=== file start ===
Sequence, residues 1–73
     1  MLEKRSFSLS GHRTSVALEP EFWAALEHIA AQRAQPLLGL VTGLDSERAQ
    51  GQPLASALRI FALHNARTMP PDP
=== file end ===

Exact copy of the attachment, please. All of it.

Sequence, residues 1–73
     1  MLEKRSFSLS GHRTSVALEP EFWAALEHIA AQRAQPLLGL VTGLDSERAQ
    51  GQPLASALRI FALHNARTMP PDP